News Archive

posted 12/01/05

Soviet Union Conducted 130 Nuclear Tests in Remote Arctic Location, Study Says

Information available since the end of the cold war combined with existing seismic records enabled scientists at Lamont-Doherty Earth Observatory and the U.S. Geological Survey to conduct the most comprehensive study ever made of the extent of Soviet nuclear testing at Novaya Zemlya (shown above), an archipelago above the Arctic Circle. Map courtesy of the Center for Nonproliferation Studies

The Soviet Union conducted 130 underwater, atmospheric and underground nuclear tests in a remote archipelago above the Arctic Circle over a period of 35 years, according to a comprehensive study done by scientists at Lamont-Doherty Earth Observatory and the U.S. Geological Survey. Some of these tests involved multiple explosions.

In all, 224 nuclear devices were detonated by the Soviet Union from 1955 to 1990, amounting to 265 megatons of explosive energy. By comparison, there were two megatons of total energy detonated over the course of World War II, including the August 1945 detonations of two U.S. nuclear bombs over Japan.

Co-author Paul Richards, a seismologist at Lamont-Doherty and a professor of seismology at Columbia University, says that one of the main goals of the study was to document the course of modern weapons development.

"This is an extraordinary aspect of modern civilization," Richards says. "It’s what it took for the U.S.S.R. to become a nuclear superpower."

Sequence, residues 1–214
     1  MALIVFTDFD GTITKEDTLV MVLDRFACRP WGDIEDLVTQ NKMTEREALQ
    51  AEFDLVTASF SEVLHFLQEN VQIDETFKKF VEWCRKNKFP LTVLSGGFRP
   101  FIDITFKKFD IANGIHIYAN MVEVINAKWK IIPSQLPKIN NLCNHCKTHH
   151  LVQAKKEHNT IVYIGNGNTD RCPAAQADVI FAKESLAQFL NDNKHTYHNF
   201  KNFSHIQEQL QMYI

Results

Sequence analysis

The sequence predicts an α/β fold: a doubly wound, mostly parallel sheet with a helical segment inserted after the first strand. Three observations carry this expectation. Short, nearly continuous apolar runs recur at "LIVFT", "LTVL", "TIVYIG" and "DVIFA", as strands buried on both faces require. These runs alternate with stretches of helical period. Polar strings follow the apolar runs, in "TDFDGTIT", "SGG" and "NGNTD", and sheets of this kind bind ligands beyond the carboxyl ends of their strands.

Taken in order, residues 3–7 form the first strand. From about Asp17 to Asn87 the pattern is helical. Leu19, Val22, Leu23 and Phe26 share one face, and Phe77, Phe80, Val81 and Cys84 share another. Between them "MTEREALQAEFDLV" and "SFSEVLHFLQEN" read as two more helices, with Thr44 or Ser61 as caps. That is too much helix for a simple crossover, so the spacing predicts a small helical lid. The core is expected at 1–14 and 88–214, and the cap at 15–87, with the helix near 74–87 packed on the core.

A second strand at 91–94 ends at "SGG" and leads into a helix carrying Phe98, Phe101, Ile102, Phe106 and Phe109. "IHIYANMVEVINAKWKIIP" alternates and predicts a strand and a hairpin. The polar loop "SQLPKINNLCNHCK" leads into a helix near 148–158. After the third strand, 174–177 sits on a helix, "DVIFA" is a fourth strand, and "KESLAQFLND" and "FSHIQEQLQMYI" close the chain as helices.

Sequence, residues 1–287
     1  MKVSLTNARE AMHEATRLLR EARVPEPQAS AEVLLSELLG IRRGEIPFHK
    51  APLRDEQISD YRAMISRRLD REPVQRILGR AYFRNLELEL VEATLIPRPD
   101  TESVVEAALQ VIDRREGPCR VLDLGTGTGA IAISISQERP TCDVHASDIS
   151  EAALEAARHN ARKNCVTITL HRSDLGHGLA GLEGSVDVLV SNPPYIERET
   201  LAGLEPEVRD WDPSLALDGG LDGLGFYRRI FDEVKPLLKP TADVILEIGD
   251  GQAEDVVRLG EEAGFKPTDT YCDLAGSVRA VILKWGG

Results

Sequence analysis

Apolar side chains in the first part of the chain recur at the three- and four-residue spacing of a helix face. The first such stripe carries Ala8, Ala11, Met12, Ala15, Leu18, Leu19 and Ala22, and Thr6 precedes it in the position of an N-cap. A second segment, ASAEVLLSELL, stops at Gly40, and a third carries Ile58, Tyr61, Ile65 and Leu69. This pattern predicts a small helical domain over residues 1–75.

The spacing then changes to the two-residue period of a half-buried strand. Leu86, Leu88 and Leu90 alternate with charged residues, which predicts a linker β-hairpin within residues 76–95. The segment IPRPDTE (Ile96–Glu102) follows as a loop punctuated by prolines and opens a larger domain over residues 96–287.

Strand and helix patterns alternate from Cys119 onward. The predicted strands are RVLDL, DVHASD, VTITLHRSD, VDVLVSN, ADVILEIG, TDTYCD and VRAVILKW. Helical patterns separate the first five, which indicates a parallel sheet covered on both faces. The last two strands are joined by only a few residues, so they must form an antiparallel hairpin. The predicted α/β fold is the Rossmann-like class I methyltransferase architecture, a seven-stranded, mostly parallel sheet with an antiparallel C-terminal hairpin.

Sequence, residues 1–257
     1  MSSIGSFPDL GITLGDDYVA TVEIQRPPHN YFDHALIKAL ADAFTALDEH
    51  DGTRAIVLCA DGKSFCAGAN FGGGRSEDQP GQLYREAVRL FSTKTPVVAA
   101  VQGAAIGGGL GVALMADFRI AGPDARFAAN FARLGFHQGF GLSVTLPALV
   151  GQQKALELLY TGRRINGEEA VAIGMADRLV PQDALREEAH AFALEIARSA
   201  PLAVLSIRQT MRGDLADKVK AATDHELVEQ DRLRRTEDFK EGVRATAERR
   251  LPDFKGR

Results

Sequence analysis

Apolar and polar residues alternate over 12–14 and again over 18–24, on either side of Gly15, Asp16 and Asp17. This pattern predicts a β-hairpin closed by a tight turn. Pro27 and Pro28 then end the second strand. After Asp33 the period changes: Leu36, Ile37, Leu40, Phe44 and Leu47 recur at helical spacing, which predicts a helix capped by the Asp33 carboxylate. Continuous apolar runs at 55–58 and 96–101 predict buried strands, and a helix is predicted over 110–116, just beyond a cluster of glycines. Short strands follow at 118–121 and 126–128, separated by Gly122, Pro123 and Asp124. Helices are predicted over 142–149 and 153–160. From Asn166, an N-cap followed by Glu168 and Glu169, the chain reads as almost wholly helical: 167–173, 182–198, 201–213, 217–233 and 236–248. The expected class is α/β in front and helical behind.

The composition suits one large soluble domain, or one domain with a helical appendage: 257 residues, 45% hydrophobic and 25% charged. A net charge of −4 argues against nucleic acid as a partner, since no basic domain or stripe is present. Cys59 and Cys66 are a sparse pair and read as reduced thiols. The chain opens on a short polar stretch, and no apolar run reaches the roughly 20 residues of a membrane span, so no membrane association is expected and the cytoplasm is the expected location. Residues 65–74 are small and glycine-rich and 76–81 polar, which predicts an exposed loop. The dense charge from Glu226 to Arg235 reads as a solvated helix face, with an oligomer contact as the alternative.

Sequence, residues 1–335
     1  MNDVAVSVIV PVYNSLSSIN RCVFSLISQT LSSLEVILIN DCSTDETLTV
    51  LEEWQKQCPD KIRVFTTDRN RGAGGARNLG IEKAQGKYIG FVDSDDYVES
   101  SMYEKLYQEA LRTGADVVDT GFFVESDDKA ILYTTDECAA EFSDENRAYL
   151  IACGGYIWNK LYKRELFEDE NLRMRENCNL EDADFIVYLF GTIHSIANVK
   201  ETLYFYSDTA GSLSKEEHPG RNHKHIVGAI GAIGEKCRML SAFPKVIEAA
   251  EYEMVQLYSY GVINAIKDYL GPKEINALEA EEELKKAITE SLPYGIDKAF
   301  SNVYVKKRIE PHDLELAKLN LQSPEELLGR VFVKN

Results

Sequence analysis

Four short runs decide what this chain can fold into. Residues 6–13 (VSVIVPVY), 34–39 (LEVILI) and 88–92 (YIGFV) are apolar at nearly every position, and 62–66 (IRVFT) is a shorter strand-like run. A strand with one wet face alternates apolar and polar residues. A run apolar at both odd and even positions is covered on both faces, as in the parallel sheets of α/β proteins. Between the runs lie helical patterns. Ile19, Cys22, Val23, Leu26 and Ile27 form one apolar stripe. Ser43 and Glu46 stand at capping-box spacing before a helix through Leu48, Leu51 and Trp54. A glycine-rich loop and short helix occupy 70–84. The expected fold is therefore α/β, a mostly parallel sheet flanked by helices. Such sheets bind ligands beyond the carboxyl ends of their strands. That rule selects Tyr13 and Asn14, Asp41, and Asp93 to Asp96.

Their findings appeared in a recent issue of the journal Science and Global Security.

The tests were conducted in one of the of the most remote places on Earth – the mountainous, wind-swept Russian archipelago of Novaya Zemlya, which was also the site of the Soviet Union's largest most powerful underground test. On September 12, 1973, four nuclear devices with a total yield of 4.2 megatons were detonated on the northernmost island. The explosion had a seismic magnitude of 6.97 and triggered an 80 million-ton rockslide that blocked two glacial streams and created a two kilometer-long lake.

Construction of the test site, including relocation of more than 500 members of the indigenous population, began in 1954 after the Soviet Union determined that its test site in Kazakhstan was too close to human settlements to carry out large nuclear explosions.

Read full story: Frozen in Time: A Cold War Relic Gives up its Secrets

The Earth Institute at Columbia University is the world's leading academic center for the integrated study of Earth, its environment and society. The Earth Institute builds upon excellence in the core disciplines — earth sciences, biological sciences, engineering sciences, social sciences and health sciences — and stresses cross-disciplinary approaches to complex problems. Through research, training and global partnerships, it mobilizes science and technology to advance sustainable development, while placing special emphasis on the needs of the world's poor. For more information, visit